Fig. 1.7

Effect of design on the performance of a dry powder inhaler using CFD. (Images adapted from Coates et al. 2004)

1.3.5 Nasal Drug Delivery

Research activity in nasal drug delivery has historically lagged behind pulmonary drug delivery. Today, however, there is as much interest and development in the nasal route for delivery of systemic drug formulations such as peptide and protein drugs. Its attraction is due to the large surface area of the nasal cavity that allows drug absorption. The walls are highly vascularised and the venous blood (deoxygenated blood returning back to the heart) from the nose passes directly into the systemic circulation leading to a rapid onset of action from the initial drug absorption. This has further advantages, including avoiding loss of drug by first-pass metabolism in the liver, fewer side effects, painless compared to injections, and the drug may even be delivered directly to the brain along the olfactory nerves (Oberdörster et al. 2004).

Similar to lung airways, the physiological function of the nose is for respiration as well as olfaction. The nose’s unique geometry has defence mechanisms to prevent foreign particles from entering into the main nasal passage. Experimental studies have found that particle deposition from nasal sprays primarily occurs in the anterior third (up to the nasal valve region) of the nasal cavity (Cheng et al. 2001; Newman et al. 1998). CFPD research can be used in conjunction with experiments to better understand the particle dynamics and final deposition in the nasal cavity. As an example, we present the particle trajectories and deposition sites for 50 and 10 µm particles released inside the nasal cavity at different directions that may be achieved by the nasal spray design. The visualisation in Fig. 1.8 shows that a horizontal insertion angle (90°) for 50 μm provides later deposition at the back of the nasopharyngeal region. Although 10 μm particles deposit more readily in the middle turbinate regions of the nasal cavity, their transport beyond the nasopharynx leads to undesirable deposition in the lungs.
Fig. 1.8

Particle trajectories shown by the coloured lines and deposition sites shown by dots for a 50 μm particles at a horizontal insertion and b 10 μm particles at vertical insertion. (From Inthavong et al. 2006b)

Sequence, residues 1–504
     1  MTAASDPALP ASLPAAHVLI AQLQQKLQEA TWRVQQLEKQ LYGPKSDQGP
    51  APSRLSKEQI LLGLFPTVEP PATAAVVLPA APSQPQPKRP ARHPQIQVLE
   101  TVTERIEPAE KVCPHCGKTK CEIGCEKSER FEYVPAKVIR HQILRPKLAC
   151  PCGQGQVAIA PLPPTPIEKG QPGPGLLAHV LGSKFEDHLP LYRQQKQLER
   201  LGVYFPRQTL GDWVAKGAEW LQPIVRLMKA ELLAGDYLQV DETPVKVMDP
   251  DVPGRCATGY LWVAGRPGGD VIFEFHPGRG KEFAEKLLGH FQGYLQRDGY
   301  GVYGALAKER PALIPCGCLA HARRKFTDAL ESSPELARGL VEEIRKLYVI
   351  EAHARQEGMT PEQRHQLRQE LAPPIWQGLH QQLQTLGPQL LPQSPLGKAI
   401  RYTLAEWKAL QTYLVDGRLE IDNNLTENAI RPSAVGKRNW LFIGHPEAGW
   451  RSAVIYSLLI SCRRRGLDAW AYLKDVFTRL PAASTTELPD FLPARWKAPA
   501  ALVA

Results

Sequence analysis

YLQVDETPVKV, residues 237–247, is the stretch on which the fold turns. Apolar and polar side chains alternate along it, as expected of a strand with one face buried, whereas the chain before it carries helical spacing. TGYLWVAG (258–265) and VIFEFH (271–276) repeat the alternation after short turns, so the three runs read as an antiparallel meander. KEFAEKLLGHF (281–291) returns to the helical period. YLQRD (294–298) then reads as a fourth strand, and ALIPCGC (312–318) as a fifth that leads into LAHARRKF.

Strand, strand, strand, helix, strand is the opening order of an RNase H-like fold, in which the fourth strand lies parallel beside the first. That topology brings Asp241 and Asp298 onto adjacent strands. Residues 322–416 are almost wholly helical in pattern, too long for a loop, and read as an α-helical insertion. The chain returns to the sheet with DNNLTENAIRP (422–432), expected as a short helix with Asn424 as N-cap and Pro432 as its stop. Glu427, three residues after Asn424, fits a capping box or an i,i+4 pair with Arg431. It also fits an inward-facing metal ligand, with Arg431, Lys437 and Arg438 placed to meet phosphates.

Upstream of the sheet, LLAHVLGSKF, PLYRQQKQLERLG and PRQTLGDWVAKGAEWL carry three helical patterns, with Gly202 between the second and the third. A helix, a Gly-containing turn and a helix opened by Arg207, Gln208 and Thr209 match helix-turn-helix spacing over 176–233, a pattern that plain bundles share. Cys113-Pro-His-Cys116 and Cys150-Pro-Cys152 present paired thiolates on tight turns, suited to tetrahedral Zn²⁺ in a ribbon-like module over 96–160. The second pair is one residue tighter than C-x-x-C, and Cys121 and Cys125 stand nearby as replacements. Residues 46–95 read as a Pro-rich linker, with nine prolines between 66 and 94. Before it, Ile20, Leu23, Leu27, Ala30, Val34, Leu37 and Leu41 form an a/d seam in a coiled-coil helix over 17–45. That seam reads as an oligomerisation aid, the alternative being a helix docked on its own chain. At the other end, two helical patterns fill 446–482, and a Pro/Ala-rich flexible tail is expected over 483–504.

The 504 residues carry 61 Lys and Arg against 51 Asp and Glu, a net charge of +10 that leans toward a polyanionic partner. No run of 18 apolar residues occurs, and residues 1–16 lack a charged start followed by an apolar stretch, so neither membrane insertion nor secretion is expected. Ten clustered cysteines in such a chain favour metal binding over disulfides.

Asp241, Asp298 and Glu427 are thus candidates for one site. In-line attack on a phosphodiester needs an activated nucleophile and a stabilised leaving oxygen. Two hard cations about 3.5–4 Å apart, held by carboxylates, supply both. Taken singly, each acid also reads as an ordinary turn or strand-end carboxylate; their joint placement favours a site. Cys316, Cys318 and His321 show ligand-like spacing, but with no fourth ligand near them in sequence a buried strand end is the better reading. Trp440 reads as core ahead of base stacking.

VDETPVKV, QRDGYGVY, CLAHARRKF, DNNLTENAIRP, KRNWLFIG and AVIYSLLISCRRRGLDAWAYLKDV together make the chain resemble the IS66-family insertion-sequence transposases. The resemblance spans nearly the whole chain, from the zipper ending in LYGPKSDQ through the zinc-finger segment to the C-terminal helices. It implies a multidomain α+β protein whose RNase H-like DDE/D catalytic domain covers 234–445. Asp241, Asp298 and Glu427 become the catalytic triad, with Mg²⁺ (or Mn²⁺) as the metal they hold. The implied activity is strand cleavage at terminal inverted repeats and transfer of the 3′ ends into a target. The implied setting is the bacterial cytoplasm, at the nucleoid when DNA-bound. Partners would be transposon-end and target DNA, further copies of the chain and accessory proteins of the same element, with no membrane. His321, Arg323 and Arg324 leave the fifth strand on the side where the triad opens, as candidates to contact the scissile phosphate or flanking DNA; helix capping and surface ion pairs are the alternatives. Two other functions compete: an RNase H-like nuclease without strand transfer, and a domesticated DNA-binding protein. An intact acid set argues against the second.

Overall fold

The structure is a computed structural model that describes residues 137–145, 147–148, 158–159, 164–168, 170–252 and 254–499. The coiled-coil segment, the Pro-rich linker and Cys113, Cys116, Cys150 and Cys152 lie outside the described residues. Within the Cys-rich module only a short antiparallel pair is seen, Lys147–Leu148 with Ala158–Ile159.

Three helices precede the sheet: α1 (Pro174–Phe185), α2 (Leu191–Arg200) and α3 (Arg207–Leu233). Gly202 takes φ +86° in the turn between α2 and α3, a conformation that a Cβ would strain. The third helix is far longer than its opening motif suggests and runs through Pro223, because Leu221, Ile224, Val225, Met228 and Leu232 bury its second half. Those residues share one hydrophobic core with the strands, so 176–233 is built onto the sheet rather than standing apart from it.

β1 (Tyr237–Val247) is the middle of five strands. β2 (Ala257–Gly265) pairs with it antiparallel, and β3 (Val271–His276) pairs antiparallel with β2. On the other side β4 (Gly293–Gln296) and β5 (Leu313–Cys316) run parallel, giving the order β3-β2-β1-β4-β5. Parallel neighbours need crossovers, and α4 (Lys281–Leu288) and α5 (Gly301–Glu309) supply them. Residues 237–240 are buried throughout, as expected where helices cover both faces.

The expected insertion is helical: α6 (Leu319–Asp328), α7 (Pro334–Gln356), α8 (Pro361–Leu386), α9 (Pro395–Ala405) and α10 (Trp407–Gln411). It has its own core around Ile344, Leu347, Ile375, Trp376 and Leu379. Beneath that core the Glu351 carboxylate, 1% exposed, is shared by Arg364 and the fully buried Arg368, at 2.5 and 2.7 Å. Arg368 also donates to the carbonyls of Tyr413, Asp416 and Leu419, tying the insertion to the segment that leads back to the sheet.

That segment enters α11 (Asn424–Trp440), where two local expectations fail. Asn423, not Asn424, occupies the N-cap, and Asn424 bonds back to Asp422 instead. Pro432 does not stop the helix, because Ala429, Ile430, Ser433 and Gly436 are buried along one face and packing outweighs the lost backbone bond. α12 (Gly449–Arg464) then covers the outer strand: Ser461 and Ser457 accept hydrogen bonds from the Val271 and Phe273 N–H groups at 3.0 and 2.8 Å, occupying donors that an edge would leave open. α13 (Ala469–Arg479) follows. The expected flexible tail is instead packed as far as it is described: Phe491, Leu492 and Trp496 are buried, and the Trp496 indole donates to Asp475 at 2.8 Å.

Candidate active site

The fate of each particle released from specific points was achieved by individually tracking the particle’s trajectory through the nasal cavity. The deposition patterns can be recorded and visualised through CFPD which helps to guide a pragmatic engineering design of the spray device or lead to better instructions for patients applying the spray (i.e. insertion at different angles, deeper insertion etc.). Published work in this area includes that of Kimbell et al. (2007) who investigated the deposition fractions of 20 and 50 µm particles from a nasal spray.

1.3.6 Therapies for Sleep Apnoea

Sleep apnoea is a sleeping disorder characterised by repeated pauses in breathing of at least 10 s throughout sleep (an apnoea event) caused by an upper-airway obstruction in the pharyngeal region. This stops breathing, and the brain reacts by briefly waking the subject in order to re-open the airways and allow breathing to restart. In severe cases, a person may experience upto 600 apnoea events per night while for less severe cases the obstruction is only partial, and the airflow limitation is called hypo-apnea (Huupponen et al. 2009). In either case it has a significant impact on health, quality of life, and productivity. Symptoms during the night include loud snoring, choking or gasping during sleep (to get air into the lungs), and loss of sleep while long-term consequences contribute to excessive daytime sleepiness, weight gain, depression, irritability, high blood pressure, heart attack and stroke (Kiely and McNicholas 2000).

The main treatment for obstructive sleep apnoea (OSA) is Continuous Positive Airway Pressure, or CPAP, (see Fig. 1.9) which can be used for the management of mild and severe OSA. The airway obstruction is relieved due to the positive intraluminal pressure, produced by the CPAP device, which overcomes the collapsing pressure of the upper airway.
Fig. 1.9